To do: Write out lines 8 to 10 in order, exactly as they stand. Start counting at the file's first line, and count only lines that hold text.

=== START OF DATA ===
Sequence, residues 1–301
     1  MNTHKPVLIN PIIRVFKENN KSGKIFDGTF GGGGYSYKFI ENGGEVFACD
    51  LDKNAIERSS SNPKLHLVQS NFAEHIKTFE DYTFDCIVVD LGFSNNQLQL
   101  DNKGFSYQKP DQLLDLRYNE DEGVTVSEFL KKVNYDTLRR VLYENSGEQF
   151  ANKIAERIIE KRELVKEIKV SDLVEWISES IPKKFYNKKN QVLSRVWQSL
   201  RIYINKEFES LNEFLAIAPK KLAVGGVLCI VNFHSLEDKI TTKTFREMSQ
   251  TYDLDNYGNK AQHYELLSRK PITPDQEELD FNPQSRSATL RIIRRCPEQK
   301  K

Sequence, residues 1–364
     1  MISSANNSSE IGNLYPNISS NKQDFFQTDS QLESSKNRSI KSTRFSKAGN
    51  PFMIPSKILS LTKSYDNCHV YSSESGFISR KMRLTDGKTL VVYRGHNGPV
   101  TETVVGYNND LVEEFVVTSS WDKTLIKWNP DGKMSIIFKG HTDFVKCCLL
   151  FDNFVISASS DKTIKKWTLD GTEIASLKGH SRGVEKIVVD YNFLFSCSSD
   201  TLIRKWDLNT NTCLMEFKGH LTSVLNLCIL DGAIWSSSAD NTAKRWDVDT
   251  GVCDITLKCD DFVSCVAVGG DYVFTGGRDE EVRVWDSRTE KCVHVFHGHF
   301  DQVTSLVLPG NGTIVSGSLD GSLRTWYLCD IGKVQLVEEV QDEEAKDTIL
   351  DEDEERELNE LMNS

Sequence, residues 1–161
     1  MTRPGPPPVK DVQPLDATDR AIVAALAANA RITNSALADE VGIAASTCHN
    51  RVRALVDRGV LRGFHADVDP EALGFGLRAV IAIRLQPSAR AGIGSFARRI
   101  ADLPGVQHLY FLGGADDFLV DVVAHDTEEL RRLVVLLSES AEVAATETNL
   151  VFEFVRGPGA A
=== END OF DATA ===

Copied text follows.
   301  K

Sequence, residues 1–364
     1  MISSANNSSE IGNLYPNISS NKQDFFQTDS QLESSKNRSI KSTRFSKAGN